Gridlock in Washington is exacerbating fragile confidence among business buyers, many brokers believe.
Quizzed about the state of the marketplace in a survey by BusinessesForSale.com, many professional intermediaries expressed concern about the corrosive effect of partisan squabbling among federal policymakers on activity in business sales.
Attested to by the brinkmanship that almost sent the U.S. hurtling off the fiscal cliff in January, the political establishment is as polarized as it has been at any time in the modern era. Between Republicans that insist on tackling the deficit through spending cuts and Democrats who believe wealthy taxpayers should bear the brunt, few politicians appear capable of bridging the divide.
Asked to choose a maximum of two factors from five undermining confidence, 21% selected ‘other’ and offered variations on a damning verdict of the Washington elite. Whether focusing on the Obama Administration or Congress as a whole, many brokers expressed doubts about politicians’ ability to reach compromise and get things done.
“Concern about risk, uncertainty about the economy and dissatisfaction with the USA government from top down” were particularly pernicious in draining market confidence, wrote one broker.
However, a perception that credit remains scarce, cited by 49%, polled the biggest response when brokers were asked which factors were most undermining confidence.
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Also draining confidence among buyers is the gloomy media coverage of the economy (chosen by 32%), concerns about balance sheets after five years of challenging trading conditions (21%), the huge public/federal debt (19%) and the EU debt crisis (16%).
However, although those polled were skeptical about the ability of federal policymakers to reach compromise over a range of issues, they were nevertheless sanguine about the long-term picture.
Asked whether they thought the western, advanced economies could recover from a half decade of decline relative to the emerging economies, 56% of U.S. brokers agreed that “Yes – and I believe the US can retain global hegemony”. Globally – and most respondents were based in western nations like the UK, Canada and Australia – intermediaries were less bullish, with only 36% holding this view.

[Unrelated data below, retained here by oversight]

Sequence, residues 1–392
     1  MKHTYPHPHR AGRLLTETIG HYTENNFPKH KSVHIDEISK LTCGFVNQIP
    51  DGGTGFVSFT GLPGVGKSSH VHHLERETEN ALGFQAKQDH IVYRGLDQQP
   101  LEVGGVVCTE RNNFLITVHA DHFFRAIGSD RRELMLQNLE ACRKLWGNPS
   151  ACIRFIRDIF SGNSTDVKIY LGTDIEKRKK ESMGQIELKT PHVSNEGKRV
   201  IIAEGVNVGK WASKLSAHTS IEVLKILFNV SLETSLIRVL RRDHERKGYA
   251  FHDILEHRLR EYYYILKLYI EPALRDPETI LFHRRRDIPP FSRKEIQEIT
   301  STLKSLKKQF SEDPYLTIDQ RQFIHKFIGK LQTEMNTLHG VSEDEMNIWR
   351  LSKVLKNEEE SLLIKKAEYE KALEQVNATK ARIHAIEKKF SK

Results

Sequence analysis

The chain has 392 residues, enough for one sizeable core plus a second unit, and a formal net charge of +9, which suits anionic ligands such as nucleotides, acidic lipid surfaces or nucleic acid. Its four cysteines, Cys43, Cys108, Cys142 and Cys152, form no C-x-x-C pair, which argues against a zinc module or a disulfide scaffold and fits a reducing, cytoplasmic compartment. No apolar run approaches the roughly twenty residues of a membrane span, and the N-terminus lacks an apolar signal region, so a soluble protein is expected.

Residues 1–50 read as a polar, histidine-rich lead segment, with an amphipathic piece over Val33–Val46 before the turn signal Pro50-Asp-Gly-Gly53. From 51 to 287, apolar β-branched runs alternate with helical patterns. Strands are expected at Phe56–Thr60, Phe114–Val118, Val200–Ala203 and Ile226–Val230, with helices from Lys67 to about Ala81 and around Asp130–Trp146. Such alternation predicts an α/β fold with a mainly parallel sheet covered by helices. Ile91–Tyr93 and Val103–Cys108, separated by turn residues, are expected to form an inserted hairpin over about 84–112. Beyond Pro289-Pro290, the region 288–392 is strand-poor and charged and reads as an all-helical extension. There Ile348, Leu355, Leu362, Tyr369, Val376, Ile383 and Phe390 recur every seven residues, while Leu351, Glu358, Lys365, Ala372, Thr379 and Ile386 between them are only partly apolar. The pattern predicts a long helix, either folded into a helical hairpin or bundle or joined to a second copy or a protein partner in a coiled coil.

One in four (25%) worldwide ticked "Yes – the advanced western economies can return to pre-2007 levels of growth, but I believe that Asia will inevitably eclipse the US and Europe."
Thirty-nine percent believed western decline, relatively speaking, was inevitable, opting for "No – demographic and debt problems are too acute; the West must become accustomed to a period of low growth.”
Sectors to watch
Brokers were also asked for their sectors to watch – i.e. those attracting, or likely to attract, a growing number of buyers.
The manufacturing and energy sectors were frequently highlighted, with the latter’s growing prominence powering the former’s resurgence.
An explosion in shale gas production has given the U.S. manufacturing industry a cheap source of energy to bridge the operating-cost gap with Asian competitors.
At $2.30 per million Btu, the price of natural gas is negligible compared to prices in Asia and the Middle East, which tend to range between $13 and $16. And while U.S. national economic output grew at just 1.7% in 2011, manufacturing output soared by 5.2%.
Sluggish wage growth, another factor making western manufacturing more cost-effective, also underpins the growing popularity of a raft of other sectors pinpointed by brokers: namely bargain retail; consignment retail; non-discretionary retail and services (because "people still have to eat, wear clothes, and let off steam"); and maintenance and repair businesses ("because people are keeping things longer").
Senior care too, particularly care-at-home services, is attracting buyers readily, say brokers, with demographic trends pointing, inexorably, to an ageing population.